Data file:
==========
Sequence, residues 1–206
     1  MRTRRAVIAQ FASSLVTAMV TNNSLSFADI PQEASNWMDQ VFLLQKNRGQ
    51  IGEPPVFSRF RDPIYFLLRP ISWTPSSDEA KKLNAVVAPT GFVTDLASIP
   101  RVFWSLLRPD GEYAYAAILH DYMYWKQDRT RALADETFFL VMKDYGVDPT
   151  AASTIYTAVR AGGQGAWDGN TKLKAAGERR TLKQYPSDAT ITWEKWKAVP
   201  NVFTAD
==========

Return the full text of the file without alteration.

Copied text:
Sequence, residues 1–206
     1  MRTRRAVIAQ FASSLVTAMV TNNSLSFADI PQEASNWMDQ VFLLQKNRGQ
    51  IGEPPVFSRF RDPIYFLLRP ISWTPSSDEA KKLNAVVAPT GFVTDLASIP
   101  RVFWSLLRPD GEYAYAAILH DYMYWKQDRT RALADETFFL VMKDYGVDPT
   151  AASTIYTAVR AGGQGAWDGN TKLKAAGERR TLKQYPSDAT ITWEKWKAVP
   201  NVFTAD